Historikern Lars Lih, ställer i en intressant intervju, själv en bra fråga om varför "syntesen" mellan arbetarrörelsen och socialismen bröts:
I’ll ask you a question. When I look back at this period—when you could say that there was a mass movement, a Marxist mass movement that was genuinely alive—what was it that was alive? It was a sense of a world-historical mission, that the proletariat was “the Chosen People”—this metaphor was made many a time, that this group of people was going to bring the world to a final goal.
So that’s what I’m wondering: Is this sense of a world-historic mission alive today, even among the left? This is what I’m asking you: is there a genuine sense of this group having a mission and a real sense that it is going to happen? That was the baby that the left has thrown out, keeping the bathwater, which is very useful—Marx’s analysis of this, class analysis of all this stuff. The bathwater is great! But the baby seems dead or gone. Does this sense of world-historical mission exist and must it exist in order for the left to be anything like what it was? And is there a way of making it happen if it doesn’t exist? You can’t artificially insist that people believe in a mission like this—or even make yourself do it, if the belief isn’t really there.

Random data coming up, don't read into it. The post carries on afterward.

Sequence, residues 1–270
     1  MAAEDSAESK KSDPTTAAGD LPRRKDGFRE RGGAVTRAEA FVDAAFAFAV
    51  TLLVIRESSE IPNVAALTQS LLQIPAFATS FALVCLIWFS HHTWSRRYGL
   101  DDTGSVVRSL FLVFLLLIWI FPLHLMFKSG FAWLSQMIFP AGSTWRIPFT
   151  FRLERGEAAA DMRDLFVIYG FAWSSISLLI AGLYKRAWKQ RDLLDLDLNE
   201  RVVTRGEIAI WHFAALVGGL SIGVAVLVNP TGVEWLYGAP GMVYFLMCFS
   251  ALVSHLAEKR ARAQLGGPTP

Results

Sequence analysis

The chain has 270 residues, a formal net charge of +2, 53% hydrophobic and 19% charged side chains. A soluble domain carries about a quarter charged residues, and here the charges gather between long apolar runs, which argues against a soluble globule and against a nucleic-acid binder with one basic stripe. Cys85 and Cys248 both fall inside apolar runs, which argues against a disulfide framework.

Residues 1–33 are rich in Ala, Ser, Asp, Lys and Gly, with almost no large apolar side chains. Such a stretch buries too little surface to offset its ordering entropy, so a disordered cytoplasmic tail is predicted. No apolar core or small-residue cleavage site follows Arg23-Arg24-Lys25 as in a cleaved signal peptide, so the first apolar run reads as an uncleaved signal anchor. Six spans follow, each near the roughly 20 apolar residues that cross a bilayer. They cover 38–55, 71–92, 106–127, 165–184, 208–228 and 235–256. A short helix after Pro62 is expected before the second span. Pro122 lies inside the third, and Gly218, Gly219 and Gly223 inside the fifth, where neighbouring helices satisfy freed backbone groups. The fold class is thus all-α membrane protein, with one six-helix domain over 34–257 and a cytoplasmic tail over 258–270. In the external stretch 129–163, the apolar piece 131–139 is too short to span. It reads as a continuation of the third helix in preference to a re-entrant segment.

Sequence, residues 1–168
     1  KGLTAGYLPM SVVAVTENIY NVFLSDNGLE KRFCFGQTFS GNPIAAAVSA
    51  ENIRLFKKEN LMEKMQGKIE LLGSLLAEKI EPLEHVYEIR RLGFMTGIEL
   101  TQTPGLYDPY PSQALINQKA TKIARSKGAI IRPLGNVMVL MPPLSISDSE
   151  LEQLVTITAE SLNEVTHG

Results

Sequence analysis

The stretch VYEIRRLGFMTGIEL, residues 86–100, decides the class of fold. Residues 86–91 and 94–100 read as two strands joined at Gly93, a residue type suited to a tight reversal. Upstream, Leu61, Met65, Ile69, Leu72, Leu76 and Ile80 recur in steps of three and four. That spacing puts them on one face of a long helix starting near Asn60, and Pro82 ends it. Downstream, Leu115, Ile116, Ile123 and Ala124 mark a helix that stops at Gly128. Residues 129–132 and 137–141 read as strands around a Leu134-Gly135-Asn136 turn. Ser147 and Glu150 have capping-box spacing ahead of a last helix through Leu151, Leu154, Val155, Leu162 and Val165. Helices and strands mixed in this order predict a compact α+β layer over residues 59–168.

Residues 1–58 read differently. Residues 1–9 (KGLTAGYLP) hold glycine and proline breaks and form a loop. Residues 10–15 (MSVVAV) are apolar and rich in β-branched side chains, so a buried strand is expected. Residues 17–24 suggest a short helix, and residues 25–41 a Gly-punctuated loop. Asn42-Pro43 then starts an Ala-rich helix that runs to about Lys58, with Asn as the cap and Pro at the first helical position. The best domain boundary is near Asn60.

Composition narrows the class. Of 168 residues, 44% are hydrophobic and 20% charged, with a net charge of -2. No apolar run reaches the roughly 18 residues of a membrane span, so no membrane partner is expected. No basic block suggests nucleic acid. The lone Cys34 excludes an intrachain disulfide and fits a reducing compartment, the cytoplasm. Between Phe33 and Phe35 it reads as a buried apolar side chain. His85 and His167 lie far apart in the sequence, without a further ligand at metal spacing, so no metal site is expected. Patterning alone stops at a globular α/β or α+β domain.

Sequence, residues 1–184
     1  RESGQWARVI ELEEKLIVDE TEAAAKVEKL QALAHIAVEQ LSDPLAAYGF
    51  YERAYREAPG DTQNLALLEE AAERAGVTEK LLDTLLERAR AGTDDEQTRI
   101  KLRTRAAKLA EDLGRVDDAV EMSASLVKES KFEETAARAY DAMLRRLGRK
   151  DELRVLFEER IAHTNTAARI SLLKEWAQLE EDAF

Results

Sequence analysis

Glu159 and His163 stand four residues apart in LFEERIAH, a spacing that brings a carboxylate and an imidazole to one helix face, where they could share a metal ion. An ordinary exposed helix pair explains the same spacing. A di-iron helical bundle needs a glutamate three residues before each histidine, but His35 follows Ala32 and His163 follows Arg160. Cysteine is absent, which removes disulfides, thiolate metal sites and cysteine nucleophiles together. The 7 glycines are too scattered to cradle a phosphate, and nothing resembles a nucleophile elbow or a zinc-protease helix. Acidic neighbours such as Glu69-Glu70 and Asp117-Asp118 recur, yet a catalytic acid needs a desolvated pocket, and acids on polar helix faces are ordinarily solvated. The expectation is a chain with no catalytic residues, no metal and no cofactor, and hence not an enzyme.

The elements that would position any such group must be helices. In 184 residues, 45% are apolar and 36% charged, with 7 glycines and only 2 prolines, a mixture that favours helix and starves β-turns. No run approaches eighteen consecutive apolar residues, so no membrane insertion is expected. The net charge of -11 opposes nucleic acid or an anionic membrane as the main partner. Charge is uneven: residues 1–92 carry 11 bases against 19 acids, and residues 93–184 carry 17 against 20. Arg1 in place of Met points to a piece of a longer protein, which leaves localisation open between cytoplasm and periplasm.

So that’s what I see with the communists in the Soviet Union, it’s just that one day they woke up and realised that even the last little shreds of belief were going. Nowadays, of course, there’s still plenty of enthusiasm, plenty of imaginative thinking, so—can that synthesis be brought back? That’s the challenge. Where these people were strong is that they didn’t just say “I want to believe in this”—they really did believe it, because they could see facts on the ground that led them to think it was happening.